From being cool about books going digital to India’s flyovers, Canadian icon Margaret Atwood tells all in an exclusive interview with Suprita Mitter. Here's the full interview with the veteran author of The Heart Goes Last (Bloomsbury)
Q When did you start writing? How did you know you wanted to be an author?
A. I started writing when I was seven. I wrote a story about an ant. Then, I moved to comics. Next, I stopped writing and started painting more. I was more visual for a while. I wanted to be an artist first and then a designer. Then, I wanted to be a biologist. I was good at that. All of a sudden, I went back to writing and that was more fun than anything. So I announced that I was going to be a writer much to everyone’s dismay. My family thought I wouldn’t be able to earn a living. My mother said to be able to write you need to know how to spell and I told her other people would do that for me. I started writing in college magazines and small literary magazines. I wrote my first novel when I was 23. It didn’t get published. A publisher told me they were interested but only if I could change the ending. I refused. It was ahead of its time. The heroine was wondering whether to push the leading man off the ledge. In the 1960s, they weren’t ready for that. The second novel I wrote got published. It was The Edible Woman. At that time, I also won a top literary award in Canada for a poem I had written. Top because there was only one literary award that time. I borrowed my friend’s dress to attend the ceremony because I didn't have one. My roommates burnt my hush puppies because they thought I wasn’t snazzy enough.
Q What was your first interview like?
A. The person interviewing me was a war journalist who had just returned from the Vietnam war. His publication told him to interview this 27-year-old female poet. So here I was in my red mini dress and fishnet stockings, and there was this war correspondent. We looked at each other and looked at each other, Finally, he said why don’t you say something interesting like you write all your poetry on drugs? (laughs). I did my first book signing in the men’s undergarment section of a departmental store. The publicist thought it was a good location as it was near the escalator. These poor men came to buy their underwear at lunch hour and there was this woman signing copies of a book called The Edible Woman. They ran in the other direction. This was in 1969. New publishing houses has started then in many former colonial countries. Festivals like these and reading sessions in coffee houses started in the 1960s too. We built a writer’s trust.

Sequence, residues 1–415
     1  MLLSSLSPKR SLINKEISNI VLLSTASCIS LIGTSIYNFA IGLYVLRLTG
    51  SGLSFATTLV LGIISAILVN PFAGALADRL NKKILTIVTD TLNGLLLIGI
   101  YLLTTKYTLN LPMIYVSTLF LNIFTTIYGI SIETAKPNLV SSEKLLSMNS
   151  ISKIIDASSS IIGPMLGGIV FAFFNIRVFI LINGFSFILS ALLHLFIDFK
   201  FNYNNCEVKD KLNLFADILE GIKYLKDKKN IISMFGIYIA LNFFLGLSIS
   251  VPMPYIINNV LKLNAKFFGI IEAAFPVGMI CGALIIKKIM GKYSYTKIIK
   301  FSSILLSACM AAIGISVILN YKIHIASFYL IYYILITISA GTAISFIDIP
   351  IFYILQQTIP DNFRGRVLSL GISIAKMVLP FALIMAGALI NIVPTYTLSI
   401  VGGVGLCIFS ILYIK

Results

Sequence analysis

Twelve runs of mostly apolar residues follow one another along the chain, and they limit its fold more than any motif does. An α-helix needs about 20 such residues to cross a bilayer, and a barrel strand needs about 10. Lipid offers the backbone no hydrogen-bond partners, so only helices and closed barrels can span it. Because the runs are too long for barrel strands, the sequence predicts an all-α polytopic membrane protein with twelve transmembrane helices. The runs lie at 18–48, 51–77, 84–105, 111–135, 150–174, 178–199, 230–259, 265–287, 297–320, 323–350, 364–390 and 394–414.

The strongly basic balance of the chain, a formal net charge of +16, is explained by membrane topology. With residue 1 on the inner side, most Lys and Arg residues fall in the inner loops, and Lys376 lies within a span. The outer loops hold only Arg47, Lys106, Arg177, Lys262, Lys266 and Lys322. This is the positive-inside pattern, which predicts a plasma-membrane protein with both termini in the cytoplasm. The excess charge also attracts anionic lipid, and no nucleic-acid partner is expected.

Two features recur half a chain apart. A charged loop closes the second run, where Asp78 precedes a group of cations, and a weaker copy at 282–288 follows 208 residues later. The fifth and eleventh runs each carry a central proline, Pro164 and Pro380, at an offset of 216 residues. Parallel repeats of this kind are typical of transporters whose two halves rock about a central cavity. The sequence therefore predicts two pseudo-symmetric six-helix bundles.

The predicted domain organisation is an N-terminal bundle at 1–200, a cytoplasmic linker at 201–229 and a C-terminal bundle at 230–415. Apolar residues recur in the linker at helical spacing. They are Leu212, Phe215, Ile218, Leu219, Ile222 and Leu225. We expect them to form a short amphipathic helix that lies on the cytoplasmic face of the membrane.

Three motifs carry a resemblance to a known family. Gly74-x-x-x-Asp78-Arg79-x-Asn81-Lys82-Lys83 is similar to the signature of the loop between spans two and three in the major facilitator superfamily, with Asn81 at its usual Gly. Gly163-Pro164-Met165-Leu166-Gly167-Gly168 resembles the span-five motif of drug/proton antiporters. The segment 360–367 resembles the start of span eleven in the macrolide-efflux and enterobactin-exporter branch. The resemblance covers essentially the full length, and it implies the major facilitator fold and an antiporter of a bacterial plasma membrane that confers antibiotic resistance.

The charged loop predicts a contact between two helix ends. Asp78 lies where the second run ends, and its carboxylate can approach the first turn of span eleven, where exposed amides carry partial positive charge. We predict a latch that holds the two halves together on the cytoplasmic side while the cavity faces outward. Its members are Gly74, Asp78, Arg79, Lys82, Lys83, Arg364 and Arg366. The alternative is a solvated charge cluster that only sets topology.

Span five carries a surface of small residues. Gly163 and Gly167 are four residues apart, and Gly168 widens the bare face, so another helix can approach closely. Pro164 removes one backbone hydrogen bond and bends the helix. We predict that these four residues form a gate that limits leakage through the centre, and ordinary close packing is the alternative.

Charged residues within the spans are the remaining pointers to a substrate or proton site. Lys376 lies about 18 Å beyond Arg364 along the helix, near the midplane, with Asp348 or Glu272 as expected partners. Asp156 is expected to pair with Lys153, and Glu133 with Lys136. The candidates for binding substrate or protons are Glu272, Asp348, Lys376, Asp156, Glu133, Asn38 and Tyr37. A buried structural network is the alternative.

Q This is your fourth visit to India. The last one was 27 years ago. What have been some of the most noticeable changes?
A. The highways and the air pollution. The liberation of the Internet. The airport, which was tiny with one terminal; the new one in Delhi is huge. These are things that have changed all over the world though. Development is here but not for everyone. There's a lot of inequality and that gap has increased. You can't go on that way forever.
Q You are viewed as a writer who favours e-books...
A. I am not threatened by e-books. Paper books have made a come back. Each platform is good for something; e-books are good for travel, for students who are writing papers. Sometimes, I buy e-books of my own books if I'm travelling. For authors, you make an e-book and send it to a publisher. It gets there faster. It’s very convenient. Also, lot of people who can't access expensive books can access these. There's higher saturation though with reading online.
Q What's the most important thing you tell students?
A. I teach them how to do just the first chapter and teach them to do it for the real world. In the real world there are bookstores. When someone walks in they either buy your book or they don't. I tell them to close their eyes and visualise the cover of their book. People have to pick from among hundreds of titles. They read the back of the book which may have some good reccos from others, The front may usually have a synopsis written by an intern in the publishing house, which is what usually happens. You have hooked the audience in the first five pages; they will read the next 20.
Q Having written across genres which ones did you enjoy the most?
A. I wouldn't have written them if I wasn't interested so all of them. I find book reviewing difficult. I do it once in a while because it has to be done. I don't review things I have no expertise on. I did a piece on Game Of
Thrones sometime back.
Q What do you read for leisure?
A. I read almost anything. Right now, I am reading a memoir by Diana Athill who used to be my editor and whom I know so I am enjoying it.
Q You released a new book; The Heart Goes Last, and are working on two graphic novels.
A. The first one, the artist is at the inking stage. It's a big project. The second one is based on the cat and bird awareness programme. It creates awareness about bird conservation in an interesting way. You write a
script for a graphic novel just like you write a script for a film scene by scene.